This week, Georgia Republican Governor Brian Kemp signed a wide-ranging elections reform bill into law that includes provisions like a criminalization of providing water to people standing in line to vote and stricter guidelines around the usage of mail-in ballots, despite the fact that — contrary to claims from ex-President Donald Trump and his allies — no systematic fraud plagued mail-in ballots in 2020 or during any other recent U.S. elections. Following Kemp’s signing of the legislation, President Joe Biden condemned the policy changes as an “atrocity.”
Speaking to reporters outside the White House, Biden commented as follows:
‘It’s an atrocity. The idea — you want any indication that it has nothing to do with fairness, nothing to do with decency — they passed the law saying you can’t provide water for people standing in line while they’re waiting to vote? You don’t need anything else to know that this is nothing but punitive, designed to keep people from voting. You can’t provide water for people about to vote? Give me a break.’
There’s no reasonable connection between banning providing water to people waiting in line to vote and stopping systematic fraud that doesn’t even exist. Watch Biden below:
Among other travesties, the new Georgia elections reform legislation also gives state officials new authority over local elections boards, which, advocates have warned, could lead to intervention to stop the certification of certain election results at the county level. After the 2020 presidential election, Trump and his allies repeatedly singled out particular counties for criticism to the point that the then-president personally admonished a top official in the office of Georgia Secretary of State Brad Raffensperger (R) to examine Fulton County, an Atlanta-area jurisdiction that leans Democratic. What if state officials are in place in the near future who are more keen on following the authoritarian wishes of someone like Trump?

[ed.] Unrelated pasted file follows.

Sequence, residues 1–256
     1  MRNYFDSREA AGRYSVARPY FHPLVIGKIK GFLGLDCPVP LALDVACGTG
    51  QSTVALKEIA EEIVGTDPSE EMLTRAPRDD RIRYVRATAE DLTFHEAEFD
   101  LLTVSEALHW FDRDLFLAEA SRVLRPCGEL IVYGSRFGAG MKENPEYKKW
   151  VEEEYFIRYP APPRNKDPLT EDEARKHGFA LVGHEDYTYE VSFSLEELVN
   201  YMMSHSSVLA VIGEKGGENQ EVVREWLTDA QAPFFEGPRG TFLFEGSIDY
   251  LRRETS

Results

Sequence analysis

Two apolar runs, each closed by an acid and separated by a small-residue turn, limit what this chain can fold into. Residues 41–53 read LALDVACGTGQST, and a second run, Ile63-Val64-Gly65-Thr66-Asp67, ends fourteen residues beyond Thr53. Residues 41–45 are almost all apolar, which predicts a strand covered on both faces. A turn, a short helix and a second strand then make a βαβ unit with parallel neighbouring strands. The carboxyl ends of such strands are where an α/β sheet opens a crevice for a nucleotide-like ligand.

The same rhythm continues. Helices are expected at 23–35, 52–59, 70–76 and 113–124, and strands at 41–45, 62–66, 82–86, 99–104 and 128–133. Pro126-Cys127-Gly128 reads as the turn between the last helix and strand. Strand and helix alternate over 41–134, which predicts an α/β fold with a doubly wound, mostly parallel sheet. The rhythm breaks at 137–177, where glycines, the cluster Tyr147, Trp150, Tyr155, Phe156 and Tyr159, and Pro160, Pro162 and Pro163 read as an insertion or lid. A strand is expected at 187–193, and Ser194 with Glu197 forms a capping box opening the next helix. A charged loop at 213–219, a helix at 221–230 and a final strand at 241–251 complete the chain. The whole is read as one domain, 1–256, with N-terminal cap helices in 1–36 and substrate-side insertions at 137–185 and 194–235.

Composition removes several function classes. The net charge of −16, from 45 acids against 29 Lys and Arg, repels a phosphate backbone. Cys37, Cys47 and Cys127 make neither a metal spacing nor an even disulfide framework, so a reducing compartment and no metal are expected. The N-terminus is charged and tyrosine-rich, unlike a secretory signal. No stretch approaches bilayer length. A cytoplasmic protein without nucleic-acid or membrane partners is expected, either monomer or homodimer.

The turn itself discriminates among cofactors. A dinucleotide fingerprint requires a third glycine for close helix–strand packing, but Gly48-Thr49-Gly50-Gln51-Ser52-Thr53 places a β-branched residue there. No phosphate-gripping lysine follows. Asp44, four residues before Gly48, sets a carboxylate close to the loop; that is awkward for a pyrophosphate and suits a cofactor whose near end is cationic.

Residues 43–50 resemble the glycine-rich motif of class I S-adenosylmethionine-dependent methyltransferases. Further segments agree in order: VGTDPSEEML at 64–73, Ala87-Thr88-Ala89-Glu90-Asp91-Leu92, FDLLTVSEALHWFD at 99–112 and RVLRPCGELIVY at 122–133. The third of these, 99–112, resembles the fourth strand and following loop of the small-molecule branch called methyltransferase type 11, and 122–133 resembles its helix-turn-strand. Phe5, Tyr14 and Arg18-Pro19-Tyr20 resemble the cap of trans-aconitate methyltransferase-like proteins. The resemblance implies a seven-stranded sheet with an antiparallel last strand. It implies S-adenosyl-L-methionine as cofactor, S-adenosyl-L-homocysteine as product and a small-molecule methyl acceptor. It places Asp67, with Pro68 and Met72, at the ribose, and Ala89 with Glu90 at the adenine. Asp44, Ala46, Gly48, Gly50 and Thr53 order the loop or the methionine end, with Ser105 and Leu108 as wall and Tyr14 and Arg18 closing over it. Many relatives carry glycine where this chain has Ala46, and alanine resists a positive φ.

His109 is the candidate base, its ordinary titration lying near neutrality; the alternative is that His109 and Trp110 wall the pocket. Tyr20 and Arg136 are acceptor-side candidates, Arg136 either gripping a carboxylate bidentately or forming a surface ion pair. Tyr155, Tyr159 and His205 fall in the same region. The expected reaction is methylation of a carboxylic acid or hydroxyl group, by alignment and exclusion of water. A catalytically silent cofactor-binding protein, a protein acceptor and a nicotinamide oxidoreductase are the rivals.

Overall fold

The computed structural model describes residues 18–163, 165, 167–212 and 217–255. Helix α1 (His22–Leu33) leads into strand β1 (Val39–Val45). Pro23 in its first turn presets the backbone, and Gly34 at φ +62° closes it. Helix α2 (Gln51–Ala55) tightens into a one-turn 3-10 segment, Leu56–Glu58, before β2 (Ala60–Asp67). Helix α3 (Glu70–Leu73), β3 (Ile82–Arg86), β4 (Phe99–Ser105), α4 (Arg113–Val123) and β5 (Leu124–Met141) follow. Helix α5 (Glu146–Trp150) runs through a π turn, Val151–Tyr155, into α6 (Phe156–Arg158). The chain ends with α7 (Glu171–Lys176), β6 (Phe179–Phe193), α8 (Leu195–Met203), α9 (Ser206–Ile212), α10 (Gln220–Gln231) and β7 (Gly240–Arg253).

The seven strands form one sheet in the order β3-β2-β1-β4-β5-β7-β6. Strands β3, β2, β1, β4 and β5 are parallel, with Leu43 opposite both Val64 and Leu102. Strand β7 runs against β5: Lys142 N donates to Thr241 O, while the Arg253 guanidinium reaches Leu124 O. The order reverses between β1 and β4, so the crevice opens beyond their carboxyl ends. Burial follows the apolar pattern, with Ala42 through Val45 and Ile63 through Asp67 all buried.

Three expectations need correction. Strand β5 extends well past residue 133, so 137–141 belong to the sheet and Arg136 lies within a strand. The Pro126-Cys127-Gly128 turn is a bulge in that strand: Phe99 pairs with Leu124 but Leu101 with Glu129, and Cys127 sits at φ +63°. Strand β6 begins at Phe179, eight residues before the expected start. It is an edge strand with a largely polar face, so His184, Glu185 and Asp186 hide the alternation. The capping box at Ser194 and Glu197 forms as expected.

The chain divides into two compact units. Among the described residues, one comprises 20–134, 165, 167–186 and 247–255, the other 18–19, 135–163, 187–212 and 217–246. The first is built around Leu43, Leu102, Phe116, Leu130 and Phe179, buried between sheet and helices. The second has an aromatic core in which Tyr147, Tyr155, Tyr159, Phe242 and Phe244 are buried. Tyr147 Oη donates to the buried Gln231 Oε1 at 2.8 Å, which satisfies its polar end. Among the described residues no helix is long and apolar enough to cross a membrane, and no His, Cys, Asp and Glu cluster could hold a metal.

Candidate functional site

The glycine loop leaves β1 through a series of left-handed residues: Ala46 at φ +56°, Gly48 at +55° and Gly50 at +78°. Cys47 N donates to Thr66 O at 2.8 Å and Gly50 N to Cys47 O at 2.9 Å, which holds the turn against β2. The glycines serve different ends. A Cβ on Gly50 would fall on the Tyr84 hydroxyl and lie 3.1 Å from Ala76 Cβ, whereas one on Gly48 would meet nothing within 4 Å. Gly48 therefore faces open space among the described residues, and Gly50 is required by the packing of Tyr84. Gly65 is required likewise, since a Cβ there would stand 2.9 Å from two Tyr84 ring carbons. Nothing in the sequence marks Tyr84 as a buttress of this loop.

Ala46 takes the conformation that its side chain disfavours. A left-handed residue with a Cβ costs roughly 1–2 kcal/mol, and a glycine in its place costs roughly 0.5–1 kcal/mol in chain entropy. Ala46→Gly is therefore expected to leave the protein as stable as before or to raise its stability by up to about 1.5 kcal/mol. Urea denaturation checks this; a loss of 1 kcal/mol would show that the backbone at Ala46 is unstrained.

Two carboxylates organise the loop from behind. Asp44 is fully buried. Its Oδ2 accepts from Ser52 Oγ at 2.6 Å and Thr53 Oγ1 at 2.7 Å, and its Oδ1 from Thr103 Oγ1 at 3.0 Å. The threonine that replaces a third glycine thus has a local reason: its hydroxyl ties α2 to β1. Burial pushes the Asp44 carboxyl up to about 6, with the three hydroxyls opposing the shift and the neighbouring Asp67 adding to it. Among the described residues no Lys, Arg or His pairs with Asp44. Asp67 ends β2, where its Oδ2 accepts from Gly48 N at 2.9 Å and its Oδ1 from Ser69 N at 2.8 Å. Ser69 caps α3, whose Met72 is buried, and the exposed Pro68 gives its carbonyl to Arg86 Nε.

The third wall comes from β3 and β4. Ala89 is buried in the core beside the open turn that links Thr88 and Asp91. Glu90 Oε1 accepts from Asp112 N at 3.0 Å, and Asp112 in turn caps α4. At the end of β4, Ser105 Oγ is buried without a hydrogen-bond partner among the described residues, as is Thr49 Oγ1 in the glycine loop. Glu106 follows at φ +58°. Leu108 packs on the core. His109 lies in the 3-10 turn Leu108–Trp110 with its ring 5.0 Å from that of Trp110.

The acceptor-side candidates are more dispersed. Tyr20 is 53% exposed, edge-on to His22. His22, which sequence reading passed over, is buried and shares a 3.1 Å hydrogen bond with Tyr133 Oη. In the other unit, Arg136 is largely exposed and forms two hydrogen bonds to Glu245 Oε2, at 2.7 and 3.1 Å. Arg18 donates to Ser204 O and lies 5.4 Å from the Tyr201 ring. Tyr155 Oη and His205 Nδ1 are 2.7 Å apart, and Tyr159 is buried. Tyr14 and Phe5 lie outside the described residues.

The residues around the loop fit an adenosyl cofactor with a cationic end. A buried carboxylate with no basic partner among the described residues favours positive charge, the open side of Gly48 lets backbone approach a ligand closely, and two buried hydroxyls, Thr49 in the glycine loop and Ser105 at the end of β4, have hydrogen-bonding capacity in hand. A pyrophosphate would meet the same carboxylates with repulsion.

Voting rights lawyer Marc Elias and his team have already filed a lawsuit against the legislation, although the course that this case will take isn’t immediately clear. Elias’s team alleges that the legislation violates the Civil Rights Act and the Fourteenth Amendment, the latter of which insists that no “State shall make or enforce any law which shall abridge the privileges or immunities of citizens of the United States; nor shall any State deprive any person of life, liberty, or property, without due process of law.”